Cory to Marcos: “All it takes is one ballot”
In the Philippines, after the assassination of Senator Ninoy Aquino in August 21, 1983, most began to feel that this was the beginning of the end of the Marcos dictatorship. The funeral procession for the slain opposition leader was unlike any in our history. Marcos appeared to have recovered from his kidney transplant, but was on the ropes, politically.
The opposition did not seem to be able to get its act together. It was divided. In 1984, there was a scheduled election in May, for the regular Batasang Pambansa (parliament). There was a lively debate about whether those opposing Marcos should participate or boycott the elections. The left was leading the movement to boycott what was feared to be yet another election to be stolen from the people. There were those of us who believed that the election by itself was to be a critical catalyst in ending the Marcos regime. It was 1984, and George Orwell’s omnipresent big brother of a government, was to receive a blow that would stagger it, and prepare it for the final round: Marcos versus Cory.
Cory Aquino was a true believer in non violence and in the power of the ballot. In 1984, although the assemblymen were to be elected locally, the issues were national. And her role in the campaign ensured the victory of a credible opposition that would keep the struggle for democracy alive. I was unsure whether my votes in Quezon City would be counted. The turnout was overwhelming. I was a political novice, but was honored to lead our team, together with Justice Cecilia Munoz Palma, and Bert Romulo to victory. We could not have done it without Cory Aquino.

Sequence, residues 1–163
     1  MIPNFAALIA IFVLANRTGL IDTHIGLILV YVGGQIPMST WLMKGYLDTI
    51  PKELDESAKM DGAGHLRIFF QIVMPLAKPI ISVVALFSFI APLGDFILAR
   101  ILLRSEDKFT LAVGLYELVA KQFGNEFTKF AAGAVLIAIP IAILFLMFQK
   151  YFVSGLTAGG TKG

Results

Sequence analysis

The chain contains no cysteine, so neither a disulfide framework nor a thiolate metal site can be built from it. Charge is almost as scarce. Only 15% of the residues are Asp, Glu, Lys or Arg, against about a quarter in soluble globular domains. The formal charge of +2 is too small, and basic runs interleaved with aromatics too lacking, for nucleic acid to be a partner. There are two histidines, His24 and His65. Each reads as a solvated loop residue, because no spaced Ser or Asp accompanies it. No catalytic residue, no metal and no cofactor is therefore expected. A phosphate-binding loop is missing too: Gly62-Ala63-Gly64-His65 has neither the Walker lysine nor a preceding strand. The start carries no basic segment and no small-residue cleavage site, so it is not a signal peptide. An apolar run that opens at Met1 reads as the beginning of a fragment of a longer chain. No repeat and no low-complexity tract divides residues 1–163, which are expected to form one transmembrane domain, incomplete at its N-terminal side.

In the Batasang Pambansa where we took to our task of fiscalizing with gusto, I met Assemblyman Jhalmar Quintana. He was one of the four elected assemblymen from the opposition who made a clean sweep of Quezon province. He was quite a character who seemed to more adept at delivering a campaign speech in a public plaza than in the halls of Congress. But he had a great line. During his campaign, he borrowed a line from a Fernando Poe movie whose title was: “Isang bala ka lang” (all it takes is a single bullet). Jhalmar modified it into a nonviolent threat to Marcos: “Isang balota ka lang”
In the 1986 presidential campaign, Cory adopted the line. It was one of the most effective campaign lines that embodied what she stood for. The inexperienced housewife challenged the dictator who ruled the Philippines for too long with the non-violent threat “Isang balota ka lag” and the Filipino people went to the polls.